Updated: Mar 3, 2020
Western Europe's BEV registrations took a breather in October, ending a 12-month consecutive run of above 50 percent monthly year-on-year growth according to the latest West European Electric Car Market Intelligence Report. October produced the slowest growth rate since September 2018, seeing the market increase by 32 percent. This slowing pace of growth was mirrored in the three other global markets monitored by this report. Combined October BEV passenger car registrations in Western Europe, China (includes LCVs), USA (Light-Trucks), and Japan fell by a third over the corresponding month last year (page 4), achieving 104,700 registrations in October, falling from 157,000 last year. Western Europe was the only one of those markets still growing.
European deliveries are starting to slow due to several reasons, led by the continued reduced supply of BEVs, aimed at shifting demand to 2020 in order to help reduce OEMs' CO2 fleet averages from that point – confirmed to this report by spokespersons from at least one major German OEM. Once the new EU CO2 fleet average targets commence next year (which begins with a phase-in period omitting the worst 5 percent of the fleet in 2020), supply is expected to return to the market, boosting volumes. The new models, available from 2020, are also likely delaying consumers' purchasing decisions.
A taxing issue
Contrastingly the UK, which will see a significant reduction in its so-called benefit-in-kind tax rate (the percent of the list price of the vehicle that has to be added to an annual taxable income) for drivers of company cars, will see a huge drop from the current 16 percent to zero from April 2020 for BEVs. This has resulted in the market increasing dramatically since this was confirmed in the summer, seeing the third highest growth rate in October behind minor markets Ireland and Greece respectively (page 5). It has resulted in company car drivers that are in the window to renew leasing deals opting for BEVs and PHEVs now (benefit in kind rate for PHEVs dropping to between 3-12 percent from 16 percent – depending on the EV ranges of vehicles currently on offer), in preparation of the cut from April 2020. A UK company car driver, that recently changed their vehicle to a BEV told this report that the reason they opted for an Audi etron BEV was largely driven by the new fiscal changes. They are happy to pay 200GBP more each month in leasing costs for a more premium vehicle – worth twice as much as their outgoing Toyota Prius – as the 2,000 GBP annual tax saving is subsidising this premium product.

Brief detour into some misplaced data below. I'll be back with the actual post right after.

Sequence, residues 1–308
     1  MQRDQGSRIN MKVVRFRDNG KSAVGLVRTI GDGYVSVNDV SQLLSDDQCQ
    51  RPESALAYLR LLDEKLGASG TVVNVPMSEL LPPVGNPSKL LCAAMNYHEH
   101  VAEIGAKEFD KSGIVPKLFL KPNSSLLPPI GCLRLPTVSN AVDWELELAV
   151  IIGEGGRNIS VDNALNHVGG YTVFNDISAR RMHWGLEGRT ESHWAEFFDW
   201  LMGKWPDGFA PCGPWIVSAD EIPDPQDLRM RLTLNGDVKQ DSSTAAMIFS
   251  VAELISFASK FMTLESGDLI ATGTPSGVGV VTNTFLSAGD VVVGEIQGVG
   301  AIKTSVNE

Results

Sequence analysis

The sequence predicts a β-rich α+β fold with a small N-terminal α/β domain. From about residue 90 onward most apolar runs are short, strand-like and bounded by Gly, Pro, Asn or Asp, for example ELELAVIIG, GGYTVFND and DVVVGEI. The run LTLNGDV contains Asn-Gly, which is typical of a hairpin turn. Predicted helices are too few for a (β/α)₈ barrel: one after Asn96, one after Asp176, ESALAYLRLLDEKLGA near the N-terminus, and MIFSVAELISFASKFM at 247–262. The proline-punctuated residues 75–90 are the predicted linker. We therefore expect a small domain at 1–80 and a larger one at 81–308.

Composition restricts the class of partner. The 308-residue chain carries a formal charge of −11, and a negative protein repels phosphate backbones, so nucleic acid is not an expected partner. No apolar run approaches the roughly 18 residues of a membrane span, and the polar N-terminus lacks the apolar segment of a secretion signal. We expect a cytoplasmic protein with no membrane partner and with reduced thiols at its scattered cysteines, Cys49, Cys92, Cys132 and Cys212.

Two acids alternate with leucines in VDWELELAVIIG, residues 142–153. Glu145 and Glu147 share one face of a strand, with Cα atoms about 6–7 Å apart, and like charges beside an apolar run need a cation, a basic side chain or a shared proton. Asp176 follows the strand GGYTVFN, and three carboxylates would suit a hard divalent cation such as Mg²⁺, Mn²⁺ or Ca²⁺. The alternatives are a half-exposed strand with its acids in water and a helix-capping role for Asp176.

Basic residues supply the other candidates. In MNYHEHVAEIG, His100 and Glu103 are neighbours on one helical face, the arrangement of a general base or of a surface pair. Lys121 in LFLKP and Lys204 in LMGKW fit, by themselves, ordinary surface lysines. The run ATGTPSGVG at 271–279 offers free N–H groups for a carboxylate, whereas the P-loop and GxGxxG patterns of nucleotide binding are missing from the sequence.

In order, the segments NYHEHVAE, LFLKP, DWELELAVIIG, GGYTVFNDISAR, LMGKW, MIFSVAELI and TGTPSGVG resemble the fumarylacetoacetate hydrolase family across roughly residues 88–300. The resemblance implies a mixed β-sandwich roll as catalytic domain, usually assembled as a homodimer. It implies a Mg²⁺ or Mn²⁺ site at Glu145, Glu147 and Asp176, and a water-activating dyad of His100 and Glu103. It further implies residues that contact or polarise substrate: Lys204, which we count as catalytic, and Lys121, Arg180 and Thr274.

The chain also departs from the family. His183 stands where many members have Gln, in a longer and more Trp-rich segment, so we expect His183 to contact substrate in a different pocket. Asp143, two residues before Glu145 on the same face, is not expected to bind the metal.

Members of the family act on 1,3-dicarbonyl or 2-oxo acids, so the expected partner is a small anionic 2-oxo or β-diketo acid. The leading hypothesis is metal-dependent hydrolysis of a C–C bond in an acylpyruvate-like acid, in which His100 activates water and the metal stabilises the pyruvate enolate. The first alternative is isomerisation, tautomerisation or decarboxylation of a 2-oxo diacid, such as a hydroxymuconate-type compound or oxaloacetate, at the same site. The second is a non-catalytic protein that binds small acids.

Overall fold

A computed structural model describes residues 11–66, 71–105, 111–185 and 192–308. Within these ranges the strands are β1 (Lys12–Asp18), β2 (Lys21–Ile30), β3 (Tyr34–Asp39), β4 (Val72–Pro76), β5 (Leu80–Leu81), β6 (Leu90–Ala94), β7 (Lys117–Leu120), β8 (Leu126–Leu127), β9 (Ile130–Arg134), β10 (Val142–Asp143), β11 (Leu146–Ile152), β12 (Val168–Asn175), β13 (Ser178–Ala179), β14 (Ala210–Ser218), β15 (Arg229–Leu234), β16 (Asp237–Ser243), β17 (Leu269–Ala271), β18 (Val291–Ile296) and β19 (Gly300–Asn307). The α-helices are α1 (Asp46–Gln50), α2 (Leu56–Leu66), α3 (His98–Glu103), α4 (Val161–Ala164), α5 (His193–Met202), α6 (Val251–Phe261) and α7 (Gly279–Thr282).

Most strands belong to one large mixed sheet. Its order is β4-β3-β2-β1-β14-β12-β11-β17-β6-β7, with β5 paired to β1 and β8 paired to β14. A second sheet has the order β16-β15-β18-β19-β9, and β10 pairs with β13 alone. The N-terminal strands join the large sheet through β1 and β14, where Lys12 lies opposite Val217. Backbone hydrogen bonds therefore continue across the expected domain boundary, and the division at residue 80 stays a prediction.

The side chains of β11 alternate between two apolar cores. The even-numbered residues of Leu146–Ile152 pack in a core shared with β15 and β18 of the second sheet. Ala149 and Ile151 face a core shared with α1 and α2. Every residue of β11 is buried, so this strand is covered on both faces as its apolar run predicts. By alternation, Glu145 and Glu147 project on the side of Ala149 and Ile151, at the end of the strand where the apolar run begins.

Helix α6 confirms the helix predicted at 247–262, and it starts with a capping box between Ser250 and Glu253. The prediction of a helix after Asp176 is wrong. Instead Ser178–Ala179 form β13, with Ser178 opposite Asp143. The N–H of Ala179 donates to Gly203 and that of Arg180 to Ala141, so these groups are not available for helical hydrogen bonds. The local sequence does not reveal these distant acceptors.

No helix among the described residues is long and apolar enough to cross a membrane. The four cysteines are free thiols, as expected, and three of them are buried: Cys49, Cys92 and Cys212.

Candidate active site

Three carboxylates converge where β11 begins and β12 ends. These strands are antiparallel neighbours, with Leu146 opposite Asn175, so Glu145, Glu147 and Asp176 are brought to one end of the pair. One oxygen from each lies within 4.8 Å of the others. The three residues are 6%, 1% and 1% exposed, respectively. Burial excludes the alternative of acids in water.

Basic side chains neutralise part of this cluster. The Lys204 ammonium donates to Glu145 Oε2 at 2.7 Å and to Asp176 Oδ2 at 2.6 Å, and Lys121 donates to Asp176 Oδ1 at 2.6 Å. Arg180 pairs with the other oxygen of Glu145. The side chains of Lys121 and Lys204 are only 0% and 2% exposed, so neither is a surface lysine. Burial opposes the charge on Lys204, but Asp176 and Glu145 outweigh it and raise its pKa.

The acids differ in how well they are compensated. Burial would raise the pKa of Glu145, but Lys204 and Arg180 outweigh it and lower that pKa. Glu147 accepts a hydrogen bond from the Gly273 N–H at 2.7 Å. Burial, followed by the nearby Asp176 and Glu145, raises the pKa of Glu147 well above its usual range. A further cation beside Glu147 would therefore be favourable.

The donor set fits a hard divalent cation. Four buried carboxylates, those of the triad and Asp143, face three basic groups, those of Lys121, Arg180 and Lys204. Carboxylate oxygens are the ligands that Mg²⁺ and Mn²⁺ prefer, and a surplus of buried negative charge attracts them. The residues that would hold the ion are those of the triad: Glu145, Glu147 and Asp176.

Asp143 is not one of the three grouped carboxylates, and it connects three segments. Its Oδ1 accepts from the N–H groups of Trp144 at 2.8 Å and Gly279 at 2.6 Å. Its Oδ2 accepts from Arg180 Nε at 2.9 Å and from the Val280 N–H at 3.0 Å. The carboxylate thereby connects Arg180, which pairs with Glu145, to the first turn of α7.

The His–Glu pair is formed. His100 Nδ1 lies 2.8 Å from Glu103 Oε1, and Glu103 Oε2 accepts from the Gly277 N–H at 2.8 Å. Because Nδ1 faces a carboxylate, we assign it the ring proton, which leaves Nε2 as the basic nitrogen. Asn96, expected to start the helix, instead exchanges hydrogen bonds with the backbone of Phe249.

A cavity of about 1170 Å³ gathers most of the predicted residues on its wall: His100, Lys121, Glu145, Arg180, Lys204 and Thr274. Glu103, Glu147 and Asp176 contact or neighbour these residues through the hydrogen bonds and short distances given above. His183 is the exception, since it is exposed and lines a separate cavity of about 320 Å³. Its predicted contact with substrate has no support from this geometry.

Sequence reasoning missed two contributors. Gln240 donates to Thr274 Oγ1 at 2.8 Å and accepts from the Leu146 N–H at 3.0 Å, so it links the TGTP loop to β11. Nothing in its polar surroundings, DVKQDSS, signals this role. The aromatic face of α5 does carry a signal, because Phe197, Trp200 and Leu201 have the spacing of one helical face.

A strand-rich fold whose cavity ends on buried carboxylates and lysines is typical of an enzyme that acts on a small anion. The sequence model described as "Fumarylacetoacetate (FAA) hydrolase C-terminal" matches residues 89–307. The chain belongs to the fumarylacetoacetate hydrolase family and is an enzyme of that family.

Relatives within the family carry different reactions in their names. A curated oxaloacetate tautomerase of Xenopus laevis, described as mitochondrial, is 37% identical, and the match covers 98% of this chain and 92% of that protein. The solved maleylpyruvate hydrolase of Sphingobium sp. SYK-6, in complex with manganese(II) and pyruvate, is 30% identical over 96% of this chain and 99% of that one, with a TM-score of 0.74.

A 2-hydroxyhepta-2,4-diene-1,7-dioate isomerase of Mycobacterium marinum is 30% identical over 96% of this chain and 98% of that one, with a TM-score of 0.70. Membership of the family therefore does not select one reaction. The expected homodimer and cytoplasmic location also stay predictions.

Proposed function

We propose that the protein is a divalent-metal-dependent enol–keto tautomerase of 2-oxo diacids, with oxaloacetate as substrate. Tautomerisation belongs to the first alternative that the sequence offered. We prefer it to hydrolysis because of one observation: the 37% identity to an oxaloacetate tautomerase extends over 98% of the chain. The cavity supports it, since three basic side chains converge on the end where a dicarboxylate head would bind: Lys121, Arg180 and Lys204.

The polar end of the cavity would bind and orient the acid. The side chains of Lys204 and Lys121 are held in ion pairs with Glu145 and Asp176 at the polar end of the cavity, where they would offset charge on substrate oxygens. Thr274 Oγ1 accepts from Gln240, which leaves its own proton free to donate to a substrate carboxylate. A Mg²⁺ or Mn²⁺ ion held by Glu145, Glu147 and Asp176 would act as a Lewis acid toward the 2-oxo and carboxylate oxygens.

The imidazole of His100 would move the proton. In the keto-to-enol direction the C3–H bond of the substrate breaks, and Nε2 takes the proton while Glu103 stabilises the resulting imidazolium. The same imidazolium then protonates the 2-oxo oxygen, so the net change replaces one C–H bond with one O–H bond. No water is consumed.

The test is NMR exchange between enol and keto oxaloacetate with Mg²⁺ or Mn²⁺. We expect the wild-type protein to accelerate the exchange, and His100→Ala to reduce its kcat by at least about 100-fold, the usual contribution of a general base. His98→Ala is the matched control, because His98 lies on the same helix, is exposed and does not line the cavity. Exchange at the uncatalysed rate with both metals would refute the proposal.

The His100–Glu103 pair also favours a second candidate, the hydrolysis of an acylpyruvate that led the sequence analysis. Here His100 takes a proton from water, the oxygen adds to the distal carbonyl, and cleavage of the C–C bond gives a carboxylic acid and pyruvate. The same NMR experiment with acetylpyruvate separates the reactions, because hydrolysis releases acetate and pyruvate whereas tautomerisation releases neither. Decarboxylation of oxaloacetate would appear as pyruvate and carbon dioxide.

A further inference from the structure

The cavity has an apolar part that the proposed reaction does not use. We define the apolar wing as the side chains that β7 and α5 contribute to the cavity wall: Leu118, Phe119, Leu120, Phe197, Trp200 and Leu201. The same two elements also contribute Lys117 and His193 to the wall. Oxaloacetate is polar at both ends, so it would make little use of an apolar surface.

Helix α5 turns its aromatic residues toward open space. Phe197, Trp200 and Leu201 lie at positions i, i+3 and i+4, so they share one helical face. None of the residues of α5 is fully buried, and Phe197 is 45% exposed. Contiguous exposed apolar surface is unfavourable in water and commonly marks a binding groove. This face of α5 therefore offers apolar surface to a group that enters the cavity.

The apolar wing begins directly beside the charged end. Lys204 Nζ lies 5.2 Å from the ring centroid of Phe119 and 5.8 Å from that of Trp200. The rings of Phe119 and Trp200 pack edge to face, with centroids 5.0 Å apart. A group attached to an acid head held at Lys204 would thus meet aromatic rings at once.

In contrast, yet still acting as a booster for the region this year, The Netherlands, thanks to a rising benefit in kind tax rate for BEVs from January 2020 (increasing from 4 to 8 percent and rising to 22 percent for the value of the BEV over €45,000), is seeing volumes brought forward to this year. This can be witnessed most predominately when observing where Tesla's European distribution priority lies. Norwegian Tesla volumes have falling quarter-on-quarter since peaking during this year's opening quarter. Vehicles such as Tesla's Model 3 are most prone to Dutch tax changes. This has resulted in Dutch total BEV volumes almost equalling volumes seen in the much larger French market this year (pages 5 for data and 7 for trend).
The UK and Netherlands are likely to boost the region during the closing two months given the next shipment of Tesla Model 3 vehicles is due to arrive for an end of quarter push. However from 2020, Dutch deliveries are likely to flatten out in the first half of the year, while UK registrations are likely to continue their upward march – dependent on what kind of BREXIT deal is struck, and if OEMs are still open to prioritise the UK market with BEVs/PHEVs if they are not part of an EU fleet average calculation, although the UK has indicated in the case of a no deal they will mirror EU CO2 limits into its own legislation. Further increases in German purchase subsidies and a new drop in the monthly benefit in kind tax rate will undoubtedly boost the German market considerably next year also, leading it to take a commanding position as the region's largest BEV market, after just failing to achieve this so far this year, by a margin of under 100 units. Norway still remains far ahead when it comes to its BEV vehicle population however, breaking through the 0.25 million barrier in October (9% of all vehicles on the road) according to OFV data. Germany began the year with under 100,000 units (0.18% mix), KBA data.
Another significant occurrence was the comeback of the PHEV in October. Monthly regional PHEV registrations came to within just 1,000 units of equalling BEV volumes, thanks to the return of major models from BMW, Mercedes, and Porsche. It resulted in Porsche's year-to-date plug-in mix of its total sales rising above 10 percent during the opening 10-months. PHEVs are likely to play a significant role in meeting CO2 fleet average targets for OEMs keen to remain as profitable as possible. ◼ Full report available here: